Rishi Sunak’s bid for No 10 has received another blow as former Tory leadership contender Tom Tugendhat criticised his fiscal policy and endorsed frontrunner Liz Truss.
Mr Tugendhat, who was eliminated from the race earlier this month, insisted the foreign secretary could “unite” the fractured party and her proposals for over £30 billion in tax cuts were “founded on true Conservative principles”.
His remarks came just 24 hours after the defence secretary Ben Wallace, who is popular among Tory members, revealed his support for Ms Truss and attacked Mr Sunak for “walking out” of government.
The chairman of the foreign affairs committee, who did not serve in Boris Johnson’s cabinet and was untainted by the multiple scandals, ran his own leadership bid promising the party a “clean start”.
But backing Ms Truss, who has remained loyal to the outgoing prime minister, Mr Tugendhat claimed she is the “only” candidate who has convinced him they are ready to be PM — a role he described as “no walk in the park”.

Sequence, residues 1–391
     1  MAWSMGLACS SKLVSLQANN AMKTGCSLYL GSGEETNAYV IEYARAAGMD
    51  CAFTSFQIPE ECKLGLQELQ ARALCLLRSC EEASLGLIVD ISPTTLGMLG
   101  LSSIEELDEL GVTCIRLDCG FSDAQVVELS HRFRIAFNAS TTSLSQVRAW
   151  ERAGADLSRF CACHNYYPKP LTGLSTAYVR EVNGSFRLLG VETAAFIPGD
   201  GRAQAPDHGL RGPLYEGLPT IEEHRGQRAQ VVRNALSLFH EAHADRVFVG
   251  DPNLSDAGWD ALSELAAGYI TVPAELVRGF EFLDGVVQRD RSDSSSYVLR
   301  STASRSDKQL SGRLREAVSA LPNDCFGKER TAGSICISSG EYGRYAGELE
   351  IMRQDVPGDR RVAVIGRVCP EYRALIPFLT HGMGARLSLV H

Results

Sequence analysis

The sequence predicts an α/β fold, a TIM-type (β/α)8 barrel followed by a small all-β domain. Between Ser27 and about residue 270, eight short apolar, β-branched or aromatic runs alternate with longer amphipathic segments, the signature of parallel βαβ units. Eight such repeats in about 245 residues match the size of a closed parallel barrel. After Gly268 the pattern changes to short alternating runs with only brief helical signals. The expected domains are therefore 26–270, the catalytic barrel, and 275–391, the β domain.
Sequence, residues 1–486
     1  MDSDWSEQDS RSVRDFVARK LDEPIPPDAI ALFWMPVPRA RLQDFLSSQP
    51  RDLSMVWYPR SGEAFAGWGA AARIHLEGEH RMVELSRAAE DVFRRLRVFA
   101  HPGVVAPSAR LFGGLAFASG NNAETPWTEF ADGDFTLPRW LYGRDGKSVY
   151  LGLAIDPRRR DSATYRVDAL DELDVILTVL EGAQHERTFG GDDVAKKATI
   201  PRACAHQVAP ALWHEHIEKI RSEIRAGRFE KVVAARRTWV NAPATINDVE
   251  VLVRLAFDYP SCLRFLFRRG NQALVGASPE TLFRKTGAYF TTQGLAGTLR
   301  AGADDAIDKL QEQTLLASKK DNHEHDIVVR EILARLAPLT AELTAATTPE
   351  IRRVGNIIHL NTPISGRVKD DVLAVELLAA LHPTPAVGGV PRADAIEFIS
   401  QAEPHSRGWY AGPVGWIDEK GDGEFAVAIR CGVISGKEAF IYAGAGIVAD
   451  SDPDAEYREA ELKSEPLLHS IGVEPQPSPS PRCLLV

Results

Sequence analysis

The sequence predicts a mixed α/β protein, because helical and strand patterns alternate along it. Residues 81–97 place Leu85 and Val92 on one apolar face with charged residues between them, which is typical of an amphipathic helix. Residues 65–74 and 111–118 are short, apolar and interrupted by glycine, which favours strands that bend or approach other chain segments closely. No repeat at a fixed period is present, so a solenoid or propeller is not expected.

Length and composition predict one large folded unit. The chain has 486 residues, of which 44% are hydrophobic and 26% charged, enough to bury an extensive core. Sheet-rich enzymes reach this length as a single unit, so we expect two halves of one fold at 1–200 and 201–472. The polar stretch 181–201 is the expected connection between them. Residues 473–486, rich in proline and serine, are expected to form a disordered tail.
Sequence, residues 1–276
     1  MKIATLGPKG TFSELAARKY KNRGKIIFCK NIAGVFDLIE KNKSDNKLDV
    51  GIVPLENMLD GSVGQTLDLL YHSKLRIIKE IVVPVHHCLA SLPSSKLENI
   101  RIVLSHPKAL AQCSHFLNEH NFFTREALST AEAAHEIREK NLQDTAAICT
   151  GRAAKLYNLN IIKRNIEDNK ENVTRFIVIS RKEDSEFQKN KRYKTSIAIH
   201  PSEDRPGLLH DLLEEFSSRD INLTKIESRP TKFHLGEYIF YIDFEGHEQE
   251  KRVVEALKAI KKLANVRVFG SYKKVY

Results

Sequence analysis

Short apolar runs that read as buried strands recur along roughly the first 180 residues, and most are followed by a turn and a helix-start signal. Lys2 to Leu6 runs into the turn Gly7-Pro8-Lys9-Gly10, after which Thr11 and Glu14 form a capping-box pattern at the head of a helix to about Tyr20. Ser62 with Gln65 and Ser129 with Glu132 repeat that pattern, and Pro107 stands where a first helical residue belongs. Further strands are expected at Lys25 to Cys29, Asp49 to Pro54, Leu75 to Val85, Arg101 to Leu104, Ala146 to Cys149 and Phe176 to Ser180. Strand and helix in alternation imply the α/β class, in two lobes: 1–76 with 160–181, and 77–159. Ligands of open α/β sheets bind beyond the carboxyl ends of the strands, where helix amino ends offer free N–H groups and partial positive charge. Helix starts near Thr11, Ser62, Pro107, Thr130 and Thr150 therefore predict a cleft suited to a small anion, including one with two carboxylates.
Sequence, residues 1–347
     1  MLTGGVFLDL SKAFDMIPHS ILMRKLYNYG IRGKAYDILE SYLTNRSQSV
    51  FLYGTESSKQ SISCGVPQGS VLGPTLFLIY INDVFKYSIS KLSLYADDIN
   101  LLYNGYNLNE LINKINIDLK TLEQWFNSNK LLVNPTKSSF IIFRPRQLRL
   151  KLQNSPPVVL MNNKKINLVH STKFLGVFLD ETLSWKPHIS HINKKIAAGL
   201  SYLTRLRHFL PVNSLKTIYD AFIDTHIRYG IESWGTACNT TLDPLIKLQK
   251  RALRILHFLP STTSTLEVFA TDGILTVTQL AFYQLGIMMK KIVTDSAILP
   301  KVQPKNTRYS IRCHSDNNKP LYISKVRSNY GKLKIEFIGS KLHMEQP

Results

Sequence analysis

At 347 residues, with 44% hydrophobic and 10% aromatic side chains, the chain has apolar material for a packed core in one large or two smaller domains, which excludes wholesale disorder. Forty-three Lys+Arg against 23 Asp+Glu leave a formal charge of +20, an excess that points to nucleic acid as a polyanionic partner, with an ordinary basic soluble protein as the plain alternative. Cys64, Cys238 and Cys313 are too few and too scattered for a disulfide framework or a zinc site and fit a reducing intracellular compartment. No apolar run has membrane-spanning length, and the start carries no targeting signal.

With rocketing energy and food prices, the Tory MP said “many families will be staring at Christmas with dread”.
Writing in The Times, he claimed: “Liz’s plan for the economy is founded on true Conservative principles of low tax, a lean state and bold supply-side reform.”
In a swipe at the former chancellor Mr Sunak, who has repeatedly claimed his rival’s plans would increase inflation and interests rates, Mr Tugendhat said: “It is not right that we have the highest tax burden in 70 years at a time of sluggish growth and rising energy prices”.
The former chancellor was on the defensive over tax again in a crunch interview with Andrew Neil on Friday, rejecting accusations that his policies would result in recession and warning that Ms Truss’s plans for vast tax cuts would pour “fuel on the fire” of inflation.
In an attempt to pick up support among the Tory faithful, Mr Sunak will on Saturday launch an attack on “left-wing agitators” and pledge to stamp out “woke nonsense” during a campaigning visit.
The speech will echo the former chancellor’s marked shift to the right on other cultural issues, in an apparent attempt to appeal to the Conservative members who are deciding the contest.